Also known as a "corporate name," "assumed name," or "business name," a trade name is the name under which a company conducts its business.  Whereas a trade name identifies the business itself, trademarks identify the goods or services sold by the business.  Also, while a corporate name specifically identifies the name of a corporation, a business name, trade name or assumed name can refer to entities that are not corporations.

Trade names frequently receive protection as trademarks, because they often meet the trademark law requirements of use in commerce,distinctiveness, and unobjectionable content.  However, unlike a trademark, trade names can obtain protection under the Trademark Actand common law of unfair competition, even if they are not used in direct connection with the sale of goods or services.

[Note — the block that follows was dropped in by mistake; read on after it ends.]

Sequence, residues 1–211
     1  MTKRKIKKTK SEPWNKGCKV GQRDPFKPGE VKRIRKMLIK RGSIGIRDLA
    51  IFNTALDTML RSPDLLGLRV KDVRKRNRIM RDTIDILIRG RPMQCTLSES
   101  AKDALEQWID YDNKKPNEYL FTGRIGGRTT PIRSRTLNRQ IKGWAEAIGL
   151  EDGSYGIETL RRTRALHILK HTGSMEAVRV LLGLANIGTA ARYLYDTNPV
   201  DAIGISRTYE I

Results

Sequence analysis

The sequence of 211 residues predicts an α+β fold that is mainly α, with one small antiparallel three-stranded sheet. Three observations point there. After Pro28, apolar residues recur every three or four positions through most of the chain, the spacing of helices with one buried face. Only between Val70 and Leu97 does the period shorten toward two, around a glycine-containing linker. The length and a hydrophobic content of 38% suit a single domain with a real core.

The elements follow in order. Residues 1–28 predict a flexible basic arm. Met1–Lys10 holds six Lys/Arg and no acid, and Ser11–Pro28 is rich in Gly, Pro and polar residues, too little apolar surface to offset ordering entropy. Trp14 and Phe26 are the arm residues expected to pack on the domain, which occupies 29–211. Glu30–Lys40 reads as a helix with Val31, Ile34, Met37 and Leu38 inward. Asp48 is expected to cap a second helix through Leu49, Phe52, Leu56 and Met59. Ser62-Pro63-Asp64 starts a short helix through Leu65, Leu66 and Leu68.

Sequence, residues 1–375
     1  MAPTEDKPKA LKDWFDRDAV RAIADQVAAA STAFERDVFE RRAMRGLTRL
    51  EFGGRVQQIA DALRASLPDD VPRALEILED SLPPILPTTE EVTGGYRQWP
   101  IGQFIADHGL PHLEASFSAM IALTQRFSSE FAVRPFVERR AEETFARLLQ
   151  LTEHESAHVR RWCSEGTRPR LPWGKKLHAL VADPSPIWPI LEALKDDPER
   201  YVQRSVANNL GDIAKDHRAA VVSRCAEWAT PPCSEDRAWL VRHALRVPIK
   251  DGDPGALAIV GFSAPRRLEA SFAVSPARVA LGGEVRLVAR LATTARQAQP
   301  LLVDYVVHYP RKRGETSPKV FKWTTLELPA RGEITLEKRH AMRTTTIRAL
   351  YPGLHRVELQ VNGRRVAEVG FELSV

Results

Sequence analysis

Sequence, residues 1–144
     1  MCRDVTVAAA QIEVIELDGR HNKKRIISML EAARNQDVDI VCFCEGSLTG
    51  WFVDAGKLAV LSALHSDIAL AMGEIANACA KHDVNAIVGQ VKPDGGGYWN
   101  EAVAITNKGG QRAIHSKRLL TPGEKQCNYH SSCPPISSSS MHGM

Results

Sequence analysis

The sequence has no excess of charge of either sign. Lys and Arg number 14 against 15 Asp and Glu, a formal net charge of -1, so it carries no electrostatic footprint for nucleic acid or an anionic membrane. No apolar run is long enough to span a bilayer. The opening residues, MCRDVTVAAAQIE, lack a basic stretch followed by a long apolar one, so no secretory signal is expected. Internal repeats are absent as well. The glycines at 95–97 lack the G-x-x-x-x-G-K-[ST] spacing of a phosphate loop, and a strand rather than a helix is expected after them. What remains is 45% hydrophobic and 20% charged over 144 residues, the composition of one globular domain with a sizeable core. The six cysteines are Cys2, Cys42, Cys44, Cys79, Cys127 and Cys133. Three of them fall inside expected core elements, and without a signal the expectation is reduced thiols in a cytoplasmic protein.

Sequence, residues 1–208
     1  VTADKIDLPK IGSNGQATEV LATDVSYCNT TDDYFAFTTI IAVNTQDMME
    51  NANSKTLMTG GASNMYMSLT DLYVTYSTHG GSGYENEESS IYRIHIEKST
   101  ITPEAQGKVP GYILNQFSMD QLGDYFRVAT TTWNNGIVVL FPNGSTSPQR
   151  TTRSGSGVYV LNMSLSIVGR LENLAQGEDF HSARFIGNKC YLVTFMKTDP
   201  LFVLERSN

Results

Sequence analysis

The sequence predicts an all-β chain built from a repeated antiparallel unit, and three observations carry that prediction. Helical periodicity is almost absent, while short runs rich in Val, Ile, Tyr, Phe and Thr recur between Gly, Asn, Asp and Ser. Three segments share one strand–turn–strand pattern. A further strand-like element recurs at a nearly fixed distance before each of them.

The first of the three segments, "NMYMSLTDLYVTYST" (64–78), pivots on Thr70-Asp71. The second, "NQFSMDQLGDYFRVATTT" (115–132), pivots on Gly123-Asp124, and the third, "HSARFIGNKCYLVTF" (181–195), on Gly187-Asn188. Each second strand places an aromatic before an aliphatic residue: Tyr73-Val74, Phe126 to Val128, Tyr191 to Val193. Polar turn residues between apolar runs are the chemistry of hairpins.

A frequent misunderstanding occurs when registering or reserving trade names with the appropriate state governmental agency, e.g. the Secretary of State.  In so doing, businesses are often led to believe they have acquired trademark protection.  This is not so.  States require the registration of trade names when doing business under a name other than a legal name, in order that the true identity of a company/person can be found.  A state will register or reserve a trade name as long as it is not identical (or near-identical) to a name already registered.  By contrast, a trademark that is far less similar to an existing trademark than "near-identical" can infringe a prior mark.